The Irrational Exuberance That is Blockchain IT leaders must cut through the hype and apply blockchain for maximum benefit. The recent rapid rise and fall in the value of Bitcoin has thrust blockchain into our everyday vocabulary and into the minds of most boards and CEOs. Blockchain promises genuine long-term potential for global-scale transformation of economies and industries which, over time, will lead to the era of the programmable economy, in which value is exchanged peer-to-peer without central authority, and new exchange mechanisms are created by any participant.
We asked John Lovelock, vice president and distinguished analyst at Gartner what CIOs and IT leaders need to understand to make sense of this promising, but radical technology. Blockchain is poised to create one of the most transformative and dramatic impacts in the next five to 10 years, but multiple business cases are yet to be proved. At what stage is blockchain right now? We are in the first phase of blockchain use, what I call the ‘irrational exuberance’ phase.
There is significant experimentation with blockchain across every industry around the world. Corporations that have long relied on centralized systems for control and security are being pushed to accept the concept of decentralization and distributed control that is central to blockchain. However, 66% of respondents of a recent Gartner survey believe blockchain is a business disruption and have set budgets accordingly; 5% of those surveyed said they will spend over $10 million on blockchain, however CIOs and IT leaders will need to evaluate where the investment makes the most sense for their organizations.
What impact has the first phase of blockchain had? The irrational exuberance phase has had two demonstrable effects: evolution and hucksterism. Blockchain has been used successfully in cryptocurrencies, but the technology is still not “enterprise ready”. In 2017, we saw some evolution on that front as blockchain platforms such as Hypeledger Fabric announced new versions closer to enterprise use and Ethereum progressed towards making these solutions perform and scale to suit enterprise needs. However, the exuberance has also led to new levels of hucksterism. For example, we have seen companies with dubious blockchain abilities add blockchain to their name or business to try to increase their stock price. In response, the U.S. Securities and Exchange Commission (SEC) said it will crack down on such companies It is critical at this stage in blockchain’s evolution that hype is recognized, and the emergent nature of the technology and its capabilities are clearly understood.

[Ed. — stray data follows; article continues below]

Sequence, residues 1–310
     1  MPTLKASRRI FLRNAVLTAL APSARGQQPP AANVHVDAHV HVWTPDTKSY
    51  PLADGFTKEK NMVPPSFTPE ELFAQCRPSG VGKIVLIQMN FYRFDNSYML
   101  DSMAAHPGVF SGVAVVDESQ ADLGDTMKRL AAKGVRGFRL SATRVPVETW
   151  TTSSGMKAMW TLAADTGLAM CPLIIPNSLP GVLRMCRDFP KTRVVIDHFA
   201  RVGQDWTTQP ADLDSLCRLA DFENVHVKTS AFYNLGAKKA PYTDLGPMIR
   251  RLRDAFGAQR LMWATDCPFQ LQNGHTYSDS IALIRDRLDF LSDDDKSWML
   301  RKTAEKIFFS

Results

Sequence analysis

At this early stage, how should companies approach blockchain projects? Gartner does not expect large returns on blockchain until 2025. Which means today companies will have to try different blockchain projects to determine if there is value for them in blockchain — that is, whether there will be new revenue possibilities, cost savings or improvements in their customers’ user experience. However, obtaining that value may require organizations to wait until the technology is more robust, is more reliable or requires less custom development.
Most current uses of blockchain are not disruptive, because the majority of organizations that undertake blockchain projects find it hard to conceive of systems that are outside of their legacy, centralized models (both business models and technology platforms). As with other waves of technology-driven business transformation, disruption will likely come from small risk-taking ventures rather than established, risk-averse companies. In the case of blockchain technology, it is possible that the greatest social good will come from the nondisruptive transformation of global supply chains, although eventually many other sectors will be impacted, in both disruptive and nondisruptive ways.